London: Those who stick to a low-calorie diet in the hope of losing weight shouldn’t bother unless they exercise as well, according to scientists. A new study found that simply reducing portion sizes pr swapping snacks for healthier alternatives was not enough to promote significant weight loss.
Scientists from Oregon Health and Science University said this appeared to be due to a natural compensatory mechanism that reduces a person’s physical activity in response to a reduction in calories. ‘This research shows that simply dieting will not likely cause substantial weight loss. Instead, diet and exercise must be combined to achieve this goal,’ said lead researcher Judy Cameron, from OHSU.
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To conduct the research, Dr. Cameron and her colleague Dr. Elinor Sullivan, studied 18 female rhesus macaque monkeys. The monkeys were placed on a high-fat diet for several years. They were then returned to a lower-fat diet with a 30 percent reduction in calories.
For a one-month period, the monkeys’ weight and activity levels were closely tracked. The activity was tracked through the use of an activity monitor worn on a collar. ‘Surprisingly, there was no significant weight loss at the end of the month,’ Dr. Sullivan said.
‘However, there was a significant change in the activity levels for these monkeys. Naturally occurring levels of physical activity for the animals began to diminish soon after the reduced-calorie diet began.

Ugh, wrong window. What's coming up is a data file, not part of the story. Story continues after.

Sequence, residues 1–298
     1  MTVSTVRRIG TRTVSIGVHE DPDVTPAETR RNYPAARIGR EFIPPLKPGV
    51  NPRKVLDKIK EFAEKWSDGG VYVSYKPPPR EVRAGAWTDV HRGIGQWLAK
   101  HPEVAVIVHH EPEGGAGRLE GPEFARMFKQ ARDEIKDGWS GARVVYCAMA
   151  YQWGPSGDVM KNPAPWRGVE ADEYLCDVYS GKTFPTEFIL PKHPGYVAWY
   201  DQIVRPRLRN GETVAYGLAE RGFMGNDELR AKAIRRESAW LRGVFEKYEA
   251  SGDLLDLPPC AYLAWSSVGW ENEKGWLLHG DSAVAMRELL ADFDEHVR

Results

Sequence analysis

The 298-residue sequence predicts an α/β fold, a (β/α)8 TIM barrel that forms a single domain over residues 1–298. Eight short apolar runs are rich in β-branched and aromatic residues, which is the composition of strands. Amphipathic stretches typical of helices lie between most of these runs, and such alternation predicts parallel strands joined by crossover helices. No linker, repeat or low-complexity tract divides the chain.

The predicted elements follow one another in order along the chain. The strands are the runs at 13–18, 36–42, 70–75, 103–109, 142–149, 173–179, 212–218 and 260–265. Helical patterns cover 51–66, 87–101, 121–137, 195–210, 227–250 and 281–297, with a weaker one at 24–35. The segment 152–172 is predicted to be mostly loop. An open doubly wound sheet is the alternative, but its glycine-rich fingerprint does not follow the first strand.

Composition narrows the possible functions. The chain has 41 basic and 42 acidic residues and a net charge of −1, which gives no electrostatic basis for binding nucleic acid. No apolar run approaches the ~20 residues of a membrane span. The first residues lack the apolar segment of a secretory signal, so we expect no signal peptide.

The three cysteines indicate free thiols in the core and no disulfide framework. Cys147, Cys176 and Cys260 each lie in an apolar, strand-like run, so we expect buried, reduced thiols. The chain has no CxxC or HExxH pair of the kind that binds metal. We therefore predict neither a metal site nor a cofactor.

‘When caloric intake was further reduced in a second month, physical activity in the monkeys diminished even further.’ A comparison group of three monkeys was fed a normal monkey diet and was trained to exercise for one hour daily on a treadmill. This comparison group did lose weight.
‘This study demonstrates that there is a natural body mechanism that conserves energy in response to a reduction in calories. ‘Food is not always plentiful for humans and animals and the body seems to have developed a strategy for responding to these fluctuations,’ said Dr. Cameron.
‘These findings will assist medical professionals in advising their patients. It may also impact the development of community interventions to battle the childhood obesity epidemic and lead to programs that emphasize both diet and exercise.’
The research is published in the April edition of the American Journal of Physiology-Regulatory, Integrative and Comparative Physiology. dailymail